RAIN MAN – Director Barry Levinson took a huge leap when hiring the then relatively unknown German composer for his subsequent multi award-winning 1988 film. Even those this was Zimmer’s earliest Hollywood offerings, he pushed to create an experimental soundscape, with the use of synthesizers, steel drums and the panpipe (surely one of the least appetising instruments for any composer?) Given those disparate musical elements, the Rain Man Theme is far from jarring. It works incredible well within what is essentially a road movie, offering up an almost exotic feel and is particularly in sync with the extraordinary character at the film’s centre. Levinson’s punt paid off as Zimmer received his first Academy Award nomination.
BACKDRAFT – Fresh from teaming up with Tony Scott for Days of Thunder, Zimmer dove back into the world of big-budget Hollywood spectacle with Ron Howard’s underrated 1991 firefighting drama. It’s a blistering effort from the composer, fully reflecting the fiery, combustible action on screen, both between the characters and the life-threatening scenarios they find themselves in. The track below, Fighting 17th, finds Zimmer really pushing the heroic angle of the story. Some of the operatic cues here would later be redeployed on a much large canvas for the first three in the Pirates of the Caribbean series Zimmer composed.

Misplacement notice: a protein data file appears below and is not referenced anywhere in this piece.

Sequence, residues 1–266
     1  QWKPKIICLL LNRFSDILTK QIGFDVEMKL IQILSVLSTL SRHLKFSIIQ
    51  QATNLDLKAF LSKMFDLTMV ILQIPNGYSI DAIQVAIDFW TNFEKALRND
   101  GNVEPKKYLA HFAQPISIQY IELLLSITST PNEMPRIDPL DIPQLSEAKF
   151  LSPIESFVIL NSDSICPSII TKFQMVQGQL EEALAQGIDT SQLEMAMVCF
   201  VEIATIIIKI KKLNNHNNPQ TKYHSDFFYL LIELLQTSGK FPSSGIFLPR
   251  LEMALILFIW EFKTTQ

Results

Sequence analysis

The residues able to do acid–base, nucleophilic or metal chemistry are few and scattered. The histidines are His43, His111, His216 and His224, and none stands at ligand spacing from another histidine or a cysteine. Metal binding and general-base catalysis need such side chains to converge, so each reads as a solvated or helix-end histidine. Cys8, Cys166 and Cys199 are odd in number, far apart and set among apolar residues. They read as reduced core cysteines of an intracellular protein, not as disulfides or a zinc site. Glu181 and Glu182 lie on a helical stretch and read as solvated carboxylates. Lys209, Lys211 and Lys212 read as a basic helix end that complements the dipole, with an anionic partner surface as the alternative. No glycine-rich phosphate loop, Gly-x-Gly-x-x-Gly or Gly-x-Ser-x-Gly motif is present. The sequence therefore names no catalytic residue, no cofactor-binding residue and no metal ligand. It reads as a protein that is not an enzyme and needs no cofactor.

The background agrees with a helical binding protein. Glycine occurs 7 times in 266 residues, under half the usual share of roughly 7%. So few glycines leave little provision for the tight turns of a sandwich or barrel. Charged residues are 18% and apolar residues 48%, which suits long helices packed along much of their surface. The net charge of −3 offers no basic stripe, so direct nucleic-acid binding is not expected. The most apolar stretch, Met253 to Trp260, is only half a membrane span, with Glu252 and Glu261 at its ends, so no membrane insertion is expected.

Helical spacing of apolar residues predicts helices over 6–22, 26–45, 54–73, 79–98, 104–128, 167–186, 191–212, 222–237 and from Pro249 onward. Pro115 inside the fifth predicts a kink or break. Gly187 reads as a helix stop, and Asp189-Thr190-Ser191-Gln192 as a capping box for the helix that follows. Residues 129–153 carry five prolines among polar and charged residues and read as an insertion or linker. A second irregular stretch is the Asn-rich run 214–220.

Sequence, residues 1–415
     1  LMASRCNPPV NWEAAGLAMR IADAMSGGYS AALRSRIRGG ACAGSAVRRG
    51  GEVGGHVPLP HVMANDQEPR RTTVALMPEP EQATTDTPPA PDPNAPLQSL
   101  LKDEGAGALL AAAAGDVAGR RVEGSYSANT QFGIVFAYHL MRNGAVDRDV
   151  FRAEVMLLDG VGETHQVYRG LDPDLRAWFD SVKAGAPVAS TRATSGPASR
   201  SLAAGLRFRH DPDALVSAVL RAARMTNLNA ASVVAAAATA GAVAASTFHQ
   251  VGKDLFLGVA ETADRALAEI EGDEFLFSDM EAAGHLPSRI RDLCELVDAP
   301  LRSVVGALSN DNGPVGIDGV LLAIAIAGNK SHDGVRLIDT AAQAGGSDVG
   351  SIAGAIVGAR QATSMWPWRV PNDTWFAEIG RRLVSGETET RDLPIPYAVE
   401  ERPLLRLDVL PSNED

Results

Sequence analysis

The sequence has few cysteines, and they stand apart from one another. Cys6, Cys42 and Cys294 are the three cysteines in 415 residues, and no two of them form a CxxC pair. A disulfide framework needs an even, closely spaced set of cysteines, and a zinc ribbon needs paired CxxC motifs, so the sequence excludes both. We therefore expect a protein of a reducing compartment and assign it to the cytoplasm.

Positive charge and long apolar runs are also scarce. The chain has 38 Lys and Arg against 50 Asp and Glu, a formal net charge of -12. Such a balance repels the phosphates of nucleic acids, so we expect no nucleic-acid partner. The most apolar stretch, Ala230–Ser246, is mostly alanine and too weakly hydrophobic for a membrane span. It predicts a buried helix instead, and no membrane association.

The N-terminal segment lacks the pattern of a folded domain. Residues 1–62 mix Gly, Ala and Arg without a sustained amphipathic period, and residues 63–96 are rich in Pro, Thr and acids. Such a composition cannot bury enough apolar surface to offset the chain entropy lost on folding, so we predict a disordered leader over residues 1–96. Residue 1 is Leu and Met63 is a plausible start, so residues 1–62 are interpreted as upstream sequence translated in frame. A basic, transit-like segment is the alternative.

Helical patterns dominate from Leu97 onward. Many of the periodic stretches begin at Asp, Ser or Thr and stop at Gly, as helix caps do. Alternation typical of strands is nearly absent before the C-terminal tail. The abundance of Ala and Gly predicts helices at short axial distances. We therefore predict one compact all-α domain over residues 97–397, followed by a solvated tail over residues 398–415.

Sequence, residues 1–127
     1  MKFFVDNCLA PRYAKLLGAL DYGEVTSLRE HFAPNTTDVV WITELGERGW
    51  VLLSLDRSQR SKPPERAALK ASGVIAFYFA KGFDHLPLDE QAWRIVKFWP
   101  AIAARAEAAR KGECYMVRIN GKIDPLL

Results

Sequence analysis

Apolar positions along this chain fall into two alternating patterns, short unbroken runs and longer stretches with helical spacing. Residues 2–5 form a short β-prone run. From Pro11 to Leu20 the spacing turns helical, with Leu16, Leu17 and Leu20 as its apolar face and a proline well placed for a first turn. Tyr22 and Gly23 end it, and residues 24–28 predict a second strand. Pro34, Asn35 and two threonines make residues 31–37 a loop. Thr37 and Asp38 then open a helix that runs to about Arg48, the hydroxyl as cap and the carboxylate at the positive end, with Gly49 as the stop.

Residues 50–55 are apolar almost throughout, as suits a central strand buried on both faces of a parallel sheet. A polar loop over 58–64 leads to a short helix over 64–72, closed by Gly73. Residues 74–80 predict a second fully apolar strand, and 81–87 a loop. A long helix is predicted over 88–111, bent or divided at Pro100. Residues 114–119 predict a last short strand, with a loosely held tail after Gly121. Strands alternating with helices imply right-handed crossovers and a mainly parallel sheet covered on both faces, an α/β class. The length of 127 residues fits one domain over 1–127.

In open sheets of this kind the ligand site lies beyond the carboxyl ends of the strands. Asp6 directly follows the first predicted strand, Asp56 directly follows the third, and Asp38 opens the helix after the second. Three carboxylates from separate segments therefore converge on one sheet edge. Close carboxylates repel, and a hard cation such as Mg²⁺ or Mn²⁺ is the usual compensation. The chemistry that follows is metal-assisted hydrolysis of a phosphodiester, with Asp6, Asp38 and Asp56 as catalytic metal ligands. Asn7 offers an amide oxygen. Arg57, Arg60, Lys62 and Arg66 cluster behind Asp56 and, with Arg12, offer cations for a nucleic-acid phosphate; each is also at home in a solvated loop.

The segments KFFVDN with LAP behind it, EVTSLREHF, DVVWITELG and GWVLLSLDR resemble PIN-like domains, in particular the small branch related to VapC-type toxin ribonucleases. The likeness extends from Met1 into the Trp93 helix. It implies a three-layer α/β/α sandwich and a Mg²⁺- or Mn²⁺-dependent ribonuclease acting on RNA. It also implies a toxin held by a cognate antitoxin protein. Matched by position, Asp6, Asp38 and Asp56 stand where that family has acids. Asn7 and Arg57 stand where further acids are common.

THE LION KING – There’s a number of children’s films threaded amongst Zimmer’s wildly prolific output, but the first and arguably the most famous of those works remains an utter delight for those who came of age with the film, and the subsequent new generation of Disney fans. Zimmer was brought on for this gig because of his work in two previous films which used African as their backdrop (The Power of One and A World Apart). He brings a real warmth, majesty and a vivid sense of place to the songs written by Tim Rice and Elton John. Zimmer was rewarded for his efforts here by winning the Academy Award for Best Original Score in 1995.
THE DARK KNIGHT – It’s incredibly tough to single out the best score from Zimmer’s celebrated work with Christopher Nolan. Somewhere close to the top would certainly sit his work in The Dark Knight, which was a superlative joint effort between Zimmer and fellow composer James Newton Howard. The two spark wonderfully off each other, their different styles coming together in exciting ways. Aggressive Expansion plays out, motif-like, in numerous parts of the film and is one of the truly indelible components of that film, especially during its final cue at the very end when a wronged Batman goes into exile, escaping on his Batpod.
BLADE RUNNER 2049 – Stepping into the iconic footsteps of Vangelis to create the music for the sequel to Ridley Scott’s 1982 seminal, dystopian sci-fi didn’t appear to faze Zimmer (working once more alongside his Dunkirk collaborator Benjamin Wallfisch). Even coming on board at the 11th hour, due to the late, great Jóhann Jóhannsson’s departure from the project, Zimmer crafted a score every bit of memorable as his predecessor, even revisiting Vangelis’ Tears in Rain to equally striking effect. The track Mesa brilliantly encompasses the composer’s sweeping style with a vibrant futuristic through line.